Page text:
3. This vision is hard. As we look at the world, we can often see something we want to run away from rather than run into. We see the social fabric of God’s creation tearing apart at the seams. Same sex marriage, divorce, and couples living together outside of marriage have altered God’s plan of one man and one woman for one lifetime. Abortion, the killing of children in the womb and yet the ardent fight to preserve the nesting places of an endangered species speaks of a world that has lost its moral compass. Rather than valuing all of life, our world encourages us to value only some of life, particularly if it’s not human. Seeing poverty that walks our streets looking for a place to sleep while others are buying their second vacation home makes one want to leave this world behind, to enter into some Christian Monastery and wait for the Day of Resurrection, the recreation of all things.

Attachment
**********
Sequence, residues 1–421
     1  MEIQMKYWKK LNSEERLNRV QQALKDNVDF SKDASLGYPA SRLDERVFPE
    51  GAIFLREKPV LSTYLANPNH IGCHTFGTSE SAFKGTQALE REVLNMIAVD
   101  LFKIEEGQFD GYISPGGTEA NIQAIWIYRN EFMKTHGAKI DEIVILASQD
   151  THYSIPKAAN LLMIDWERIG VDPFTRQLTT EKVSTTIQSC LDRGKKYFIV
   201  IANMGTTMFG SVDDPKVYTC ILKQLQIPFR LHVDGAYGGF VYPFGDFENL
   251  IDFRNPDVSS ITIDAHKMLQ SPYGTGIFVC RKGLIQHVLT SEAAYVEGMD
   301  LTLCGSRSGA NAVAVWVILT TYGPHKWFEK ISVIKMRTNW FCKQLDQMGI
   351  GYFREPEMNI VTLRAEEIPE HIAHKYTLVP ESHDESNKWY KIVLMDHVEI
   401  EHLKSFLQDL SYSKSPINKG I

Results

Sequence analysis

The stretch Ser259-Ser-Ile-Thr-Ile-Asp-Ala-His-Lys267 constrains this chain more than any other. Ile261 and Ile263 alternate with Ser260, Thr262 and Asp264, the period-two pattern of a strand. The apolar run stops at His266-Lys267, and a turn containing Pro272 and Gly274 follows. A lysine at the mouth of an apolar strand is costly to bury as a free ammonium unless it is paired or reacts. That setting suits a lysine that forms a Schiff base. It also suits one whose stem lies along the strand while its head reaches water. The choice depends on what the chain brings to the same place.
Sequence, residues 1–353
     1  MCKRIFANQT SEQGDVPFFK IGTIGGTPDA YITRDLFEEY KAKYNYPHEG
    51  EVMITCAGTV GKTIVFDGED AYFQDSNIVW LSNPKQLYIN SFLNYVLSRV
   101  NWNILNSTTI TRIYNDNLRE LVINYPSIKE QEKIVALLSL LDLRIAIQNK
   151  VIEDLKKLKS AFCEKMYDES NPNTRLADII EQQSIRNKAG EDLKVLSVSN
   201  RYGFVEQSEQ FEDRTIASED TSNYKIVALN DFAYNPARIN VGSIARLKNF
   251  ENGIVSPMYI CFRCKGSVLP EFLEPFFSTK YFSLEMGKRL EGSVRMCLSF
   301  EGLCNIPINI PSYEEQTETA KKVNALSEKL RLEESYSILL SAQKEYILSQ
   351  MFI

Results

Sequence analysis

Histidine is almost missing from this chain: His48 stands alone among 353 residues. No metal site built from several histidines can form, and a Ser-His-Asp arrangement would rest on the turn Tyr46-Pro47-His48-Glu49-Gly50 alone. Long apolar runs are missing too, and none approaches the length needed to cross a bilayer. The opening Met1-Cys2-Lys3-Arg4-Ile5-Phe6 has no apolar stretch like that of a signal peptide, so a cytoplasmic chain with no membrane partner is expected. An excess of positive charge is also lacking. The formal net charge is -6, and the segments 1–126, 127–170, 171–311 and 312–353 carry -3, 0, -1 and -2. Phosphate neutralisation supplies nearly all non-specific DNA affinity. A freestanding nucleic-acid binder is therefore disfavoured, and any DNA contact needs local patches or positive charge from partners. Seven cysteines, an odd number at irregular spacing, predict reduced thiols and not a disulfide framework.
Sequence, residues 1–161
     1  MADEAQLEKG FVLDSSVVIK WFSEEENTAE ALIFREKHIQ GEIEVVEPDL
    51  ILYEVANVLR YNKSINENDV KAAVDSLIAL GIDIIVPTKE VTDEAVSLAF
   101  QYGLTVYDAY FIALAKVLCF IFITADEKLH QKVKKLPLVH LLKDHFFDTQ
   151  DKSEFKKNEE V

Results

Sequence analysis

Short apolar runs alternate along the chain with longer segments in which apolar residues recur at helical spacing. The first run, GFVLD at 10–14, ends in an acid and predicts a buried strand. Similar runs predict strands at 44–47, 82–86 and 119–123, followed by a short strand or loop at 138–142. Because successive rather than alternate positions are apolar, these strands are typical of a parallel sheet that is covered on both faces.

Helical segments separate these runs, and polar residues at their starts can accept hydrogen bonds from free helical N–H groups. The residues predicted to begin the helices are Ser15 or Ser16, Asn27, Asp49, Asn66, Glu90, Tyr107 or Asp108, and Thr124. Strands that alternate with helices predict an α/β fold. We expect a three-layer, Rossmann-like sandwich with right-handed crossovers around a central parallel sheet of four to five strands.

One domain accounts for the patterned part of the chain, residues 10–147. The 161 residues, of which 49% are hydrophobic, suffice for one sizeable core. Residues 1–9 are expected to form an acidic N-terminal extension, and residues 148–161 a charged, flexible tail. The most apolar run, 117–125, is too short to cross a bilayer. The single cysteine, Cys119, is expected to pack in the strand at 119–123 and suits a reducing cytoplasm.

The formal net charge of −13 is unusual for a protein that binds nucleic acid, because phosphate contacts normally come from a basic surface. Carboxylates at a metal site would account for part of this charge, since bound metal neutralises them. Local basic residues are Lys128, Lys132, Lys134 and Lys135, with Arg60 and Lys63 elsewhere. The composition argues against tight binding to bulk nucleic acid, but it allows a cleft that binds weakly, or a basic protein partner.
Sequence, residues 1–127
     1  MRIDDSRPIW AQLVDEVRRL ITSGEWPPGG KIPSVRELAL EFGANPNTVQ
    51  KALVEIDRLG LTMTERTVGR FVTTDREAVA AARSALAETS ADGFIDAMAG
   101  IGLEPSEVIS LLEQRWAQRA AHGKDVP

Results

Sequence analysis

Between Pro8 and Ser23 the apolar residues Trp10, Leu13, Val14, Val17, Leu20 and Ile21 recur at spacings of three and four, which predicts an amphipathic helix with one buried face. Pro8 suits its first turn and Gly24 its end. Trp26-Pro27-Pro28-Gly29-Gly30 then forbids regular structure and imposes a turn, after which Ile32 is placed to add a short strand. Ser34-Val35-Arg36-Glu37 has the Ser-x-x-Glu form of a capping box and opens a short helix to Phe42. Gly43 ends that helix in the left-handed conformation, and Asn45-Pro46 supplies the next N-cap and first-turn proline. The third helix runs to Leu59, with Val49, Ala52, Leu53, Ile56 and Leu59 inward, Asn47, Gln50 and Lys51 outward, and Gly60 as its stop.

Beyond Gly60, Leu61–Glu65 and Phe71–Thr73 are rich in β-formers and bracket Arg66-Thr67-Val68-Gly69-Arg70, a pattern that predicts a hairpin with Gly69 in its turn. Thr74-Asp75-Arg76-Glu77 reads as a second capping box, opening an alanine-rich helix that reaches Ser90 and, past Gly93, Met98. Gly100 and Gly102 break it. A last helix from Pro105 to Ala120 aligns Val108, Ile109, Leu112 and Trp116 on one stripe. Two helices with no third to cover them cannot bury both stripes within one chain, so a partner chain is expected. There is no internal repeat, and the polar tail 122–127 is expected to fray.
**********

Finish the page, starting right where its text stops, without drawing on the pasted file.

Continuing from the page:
4. How easy it is for us to enter church and turn our eyes upward to the cross and leave the world behind. All we can see is Jesus and seeing him, we can forget where we are or what he would have us be doing. We can simply gaze at Jesus dying for us on the cross and forget that we live in the world and that God has chosen us to be involved in his mission. Here. In time. How hard it is to look at Dali’s crucifixion. Here, we can’t escape the world by looking at Jesus. No, we find that Jesus asks us to see the world through him. Jesus hangs there, below us, offering his life for the world. And he invites us to see the world, through the cross, living in God’s mission of love!